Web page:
In this article, I will go over a simple methodology I use in choosing how to use color in photos. We have masters like Sebastião Salgado who shoots exclusively in black-and-white, Steve McCurry who shoots only in colors and Jimmy Nelson who shoots in muted colors. Shooting in color, in black-and-white, or anywhere in between, has its own appeal, so why don’t we use a mix of all depending on our needs?
I shoot only in color, and when necessary, convert to black and white or reduce color in Lightroom. There are some advantages in shooting in color, then converting to black-and-white in post processing (see Spencer’s article on Black and White Photography for more information), as opposed to shooting in black-and-white / monochrome mode through the camera. At the same time, there are advantages in getting black-and-white done in camera as well. But it is beyond the scope of this article – here we will concentrate on shooting in color and convert to black-and-white in post-processing.
Photographers like Jimmy Nelson use color grading techniques to create a muted and cinematic look to their photos, but if you do not want to go through the process of altering specific colors, reducing color saturation can work out quite well too. Below are 3 specific questions I ask myself when trying to decide whether to keep the image in full color, adjust it to muted color or convert to black and white:
A. Color contains information related to the story
B. Color creates element separation
C. Color creates distraction or disharmony
1. Keep Image in Full Color if A=YES
In the photo above, I could have gone with black and white, but that would give a different message to the viewer. The pink dress of these nuns in Myanmar are one of a kind in the whole world of Buddhism. In this case, the color contains useful cultural information to the story, therefore I leave the photo “as is”, in color. Having the photo in black and white has a different message – it would then change it to be all about the girl that is looking at the camera and nothing else.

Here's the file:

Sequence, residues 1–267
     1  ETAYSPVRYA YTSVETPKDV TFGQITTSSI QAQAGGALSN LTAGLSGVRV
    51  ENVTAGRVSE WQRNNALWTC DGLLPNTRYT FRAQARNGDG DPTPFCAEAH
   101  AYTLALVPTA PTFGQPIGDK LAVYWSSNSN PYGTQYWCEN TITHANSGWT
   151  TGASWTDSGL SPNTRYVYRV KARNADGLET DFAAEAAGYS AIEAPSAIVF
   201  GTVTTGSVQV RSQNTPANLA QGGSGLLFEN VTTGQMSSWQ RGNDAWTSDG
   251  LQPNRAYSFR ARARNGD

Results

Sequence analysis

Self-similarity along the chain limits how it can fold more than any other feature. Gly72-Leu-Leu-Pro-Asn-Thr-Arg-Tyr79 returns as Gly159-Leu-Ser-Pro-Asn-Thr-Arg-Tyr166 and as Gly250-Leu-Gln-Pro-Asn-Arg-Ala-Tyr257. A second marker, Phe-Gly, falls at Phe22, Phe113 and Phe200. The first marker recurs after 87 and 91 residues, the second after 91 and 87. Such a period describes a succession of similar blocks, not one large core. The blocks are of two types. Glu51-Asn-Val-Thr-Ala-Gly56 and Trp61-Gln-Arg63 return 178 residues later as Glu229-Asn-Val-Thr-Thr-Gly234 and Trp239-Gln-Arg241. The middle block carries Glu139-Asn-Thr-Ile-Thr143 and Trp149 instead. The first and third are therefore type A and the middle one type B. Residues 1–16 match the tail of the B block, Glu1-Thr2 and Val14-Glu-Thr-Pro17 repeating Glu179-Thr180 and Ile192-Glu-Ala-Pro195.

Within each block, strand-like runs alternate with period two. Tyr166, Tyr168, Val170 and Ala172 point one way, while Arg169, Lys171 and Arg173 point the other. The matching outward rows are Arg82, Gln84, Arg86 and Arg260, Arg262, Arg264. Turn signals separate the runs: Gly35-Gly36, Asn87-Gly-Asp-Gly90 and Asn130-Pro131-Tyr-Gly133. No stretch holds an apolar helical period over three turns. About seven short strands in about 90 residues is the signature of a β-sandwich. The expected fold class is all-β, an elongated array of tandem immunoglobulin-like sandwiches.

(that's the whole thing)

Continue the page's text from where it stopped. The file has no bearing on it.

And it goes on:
The photo above was shot in the “Blue City” of Chefchaouen, Morocco. One look at the photo and we know where the photo was taken, because of the unique color of the walls and the Djelaba the man is wearing. Because of this, the photograph works best in full color.
2. Keep Image in Full Color if B=YES
Nikon D800E, 24-70mm @ 70mm, f/8, 1/80s
The original photo was in color, and you can see the black and white version on the right. The subjects in the black and white version clearly blend with the background, which is not good. Color in this case is needed to create subject separation, which is why I kept this photograph in full color.
3. Convert Image to Black and White if A=NO AND B=NO
When a photo does not need color to complete the message, it is at its purest. I consider it a blessing if photographs work in black and white each and every time. But as we have seen previously, sometimes the conditions do not favor black and white.
The same situation here – color does nothing to enhance the photograph, so it is not necessary to show off the primary subject and his camel.
The original colored version contains different colored shirts of background subjects in the scene, which is distracting. Therefore, this photograph works the best in black and white.
4. Convert Image to Muted Colors if C=YES
Take a look at the below photograph in full color, as it was captured with my camera.
The colors of the shirts and bags is clearly distracting. Let’s now see how the photograph looks in black and white:
The problem got sorted out, but now everything seems like it is blended together. Now let’s take a look at the same photograph, but this time with saturation levels lowered in post-processing:
To me, this is a better version of the three. The subtle colors provide good separation between the subjects, and at the same time are not too distracting.
Below is the last example where muted colors also work the best compared to either full color or black and white.
In the next article, we will examine the subject of color grading and shooting in black-and-white. That’s all for now, thanks for reading!